Coadministration of growth factors with TiO2 nanotube implants may improve their osteoinductive capacity. Some scholars have demonstrated that the local delivery of appropriate bioactive molecules at favorable concentrations and rates can accelerate the process of osteogenesis.10 Bone morphogenic proteins (BMPs) are a family of bone growth factors with a powerful ability to induce new orthotopic or ectopic bone formation.11 Among them, BMP-2 is considered the most effective.12,13 However, the local delivery of BMPs may have certain disadvantages, including short effective times, large dose requirements, the need for repeated administrations, high costs, and poor distribution profiles.11 Fortunately, localized BMP gene therapy has emerged as a promising alternative approach for overcoming these shortcomings.14 Because plasmid-based gene transfer is still inefficient, gene therapy based on viral vectors has been widely used to promote bone formation in a series of studies.15,16 Among the various viral vectors available, lentiviral vectors can facilitate integration into the host genome in both dividing and nondividing cells, thus ensuring stable and long-term gene expression.17 Moreover, lentiviral vectors have low immunogenicity,18 and their safety has increased in recent years.19 However, beyond the advantages, the use of lentiviral vectors also has several shortcomings. For example, lentiviral vectors may deliver inaccurate doses of growth factors, have uncontrolled flow, and be easily inactivated by heat, extreme pH, or proteases, which potentially destabilizes them during the therapeutic period.20,21 Given these limitations, recent interest has emerged in coating biological molecules onto scaffolds via lyophilization.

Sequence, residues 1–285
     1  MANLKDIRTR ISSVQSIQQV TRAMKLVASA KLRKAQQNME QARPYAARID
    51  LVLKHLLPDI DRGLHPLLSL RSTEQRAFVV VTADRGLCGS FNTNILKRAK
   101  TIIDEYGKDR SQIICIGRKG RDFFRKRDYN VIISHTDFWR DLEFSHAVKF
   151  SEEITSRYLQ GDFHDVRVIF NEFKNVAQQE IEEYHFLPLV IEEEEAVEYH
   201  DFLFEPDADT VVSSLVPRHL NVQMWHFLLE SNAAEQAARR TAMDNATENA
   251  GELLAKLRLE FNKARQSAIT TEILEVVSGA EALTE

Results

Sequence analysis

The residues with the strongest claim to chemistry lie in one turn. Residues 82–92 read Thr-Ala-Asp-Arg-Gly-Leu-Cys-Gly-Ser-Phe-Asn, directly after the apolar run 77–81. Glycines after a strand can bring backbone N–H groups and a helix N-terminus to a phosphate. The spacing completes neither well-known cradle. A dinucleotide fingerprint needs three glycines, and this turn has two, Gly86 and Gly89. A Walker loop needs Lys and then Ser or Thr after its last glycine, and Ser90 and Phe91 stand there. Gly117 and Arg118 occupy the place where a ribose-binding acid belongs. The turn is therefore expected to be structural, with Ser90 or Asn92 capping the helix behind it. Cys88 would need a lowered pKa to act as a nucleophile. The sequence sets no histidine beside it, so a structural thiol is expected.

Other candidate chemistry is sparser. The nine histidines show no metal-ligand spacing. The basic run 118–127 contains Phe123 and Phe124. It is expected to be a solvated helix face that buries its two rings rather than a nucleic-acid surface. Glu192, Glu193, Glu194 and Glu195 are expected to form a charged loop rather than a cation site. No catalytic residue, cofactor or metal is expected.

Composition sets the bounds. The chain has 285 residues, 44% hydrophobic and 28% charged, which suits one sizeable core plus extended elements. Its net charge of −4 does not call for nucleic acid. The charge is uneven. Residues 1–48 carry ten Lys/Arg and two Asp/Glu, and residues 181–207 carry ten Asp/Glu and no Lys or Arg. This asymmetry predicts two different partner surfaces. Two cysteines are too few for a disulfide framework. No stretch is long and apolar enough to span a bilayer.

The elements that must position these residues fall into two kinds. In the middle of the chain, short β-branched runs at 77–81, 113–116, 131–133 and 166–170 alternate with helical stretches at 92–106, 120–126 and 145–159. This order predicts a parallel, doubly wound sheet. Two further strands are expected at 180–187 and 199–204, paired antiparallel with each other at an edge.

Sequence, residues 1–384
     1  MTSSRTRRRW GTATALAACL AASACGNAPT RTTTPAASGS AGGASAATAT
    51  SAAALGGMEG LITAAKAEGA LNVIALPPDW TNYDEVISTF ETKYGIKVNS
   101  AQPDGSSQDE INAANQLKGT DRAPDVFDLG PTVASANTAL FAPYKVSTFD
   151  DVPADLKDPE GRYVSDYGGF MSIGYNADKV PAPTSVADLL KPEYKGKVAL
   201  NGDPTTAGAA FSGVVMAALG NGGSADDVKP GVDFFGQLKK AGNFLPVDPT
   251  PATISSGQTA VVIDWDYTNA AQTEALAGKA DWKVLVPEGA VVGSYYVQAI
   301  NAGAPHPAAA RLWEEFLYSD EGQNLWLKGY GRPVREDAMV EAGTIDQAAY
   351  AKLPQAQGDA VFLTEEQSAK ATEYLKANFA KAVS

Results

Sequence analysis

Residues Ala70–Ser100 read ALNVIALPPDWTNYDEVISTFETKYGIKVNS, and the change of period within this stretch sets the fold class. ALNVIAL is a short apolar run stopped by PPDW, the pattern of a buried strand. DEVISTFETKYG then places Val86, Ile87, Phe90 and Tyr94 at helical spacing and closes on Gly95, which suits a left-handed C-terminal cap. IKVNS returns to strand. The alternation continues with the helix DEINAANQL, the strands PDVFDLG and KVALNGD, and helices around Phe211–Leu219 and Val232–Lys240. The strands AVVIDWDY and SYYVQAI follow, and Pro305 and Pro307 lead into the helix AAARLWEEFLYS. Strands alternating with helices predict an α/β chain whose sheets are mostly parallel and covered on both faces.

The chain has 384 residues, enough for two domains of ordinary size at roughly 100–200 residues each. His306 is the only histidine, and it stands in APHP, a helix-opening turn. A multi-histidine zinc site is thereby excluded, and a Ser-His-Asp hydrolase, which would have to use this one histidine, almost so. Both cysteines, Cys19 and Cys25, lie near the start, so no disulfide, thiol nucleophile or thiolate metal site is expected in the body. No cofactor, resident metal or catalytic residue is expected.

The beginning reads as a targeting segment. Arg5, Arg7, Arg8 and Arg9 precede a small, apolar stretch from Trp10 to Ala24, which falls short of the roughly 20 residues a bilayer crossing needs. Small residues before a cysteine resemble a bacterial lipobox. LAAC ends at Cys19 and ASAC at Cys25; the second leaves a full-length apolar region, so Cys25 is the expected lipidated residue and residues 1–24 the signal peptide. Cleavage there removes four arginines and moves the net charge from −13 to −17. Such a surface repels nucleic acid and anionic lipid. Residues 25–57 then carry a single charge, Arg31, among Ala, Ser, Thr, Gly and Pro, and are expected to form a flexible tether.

Lyophilization, also known as freeze-drying, is an effective process that can overcome the instability of labile biopharmaceuticals.22 Although this approach has been widely used to increase the physical and chemical stability of biopharmaceuticals, lyophilization generates a variety of stress during the freezing and desiccation processes, which can inactivate biomolecules to differing degrees.23,24 Thus, protectants are often utilized to increase biomolecule stability during lyophilization.25 Saccharides and disaccharides have been extensively and successfully used as nonspecific stabilizers to protect diverse biomolecules from inactivation during lyophilization. Trehalose, a nonreducing disaccharide consisting of two molecules of glucose, has been considered the most potent and widely studied protectant.26 Compared with other stabilizers, trehalose exhibits some advantages such as a slower pH response, reducing the rates of acid fermentation and acid production.27 In addition, trehalose inhibits inflammatory cytokine production induced by lipopolysaccharide (LPS).28 Moreover, trehalose was found to significantly suppress excessive increases in the quantity of osteoclasts stimulated by LPS.29 Collectively, these findings suggest the feasibility of functionalizing TiO2 nanotube surfaces by combining trehalose and lyophilization treatment of lentiviral vectors encoding BMP-2, to produce nanotube layers with enhanced osteogenic and anti-inflammatory properties.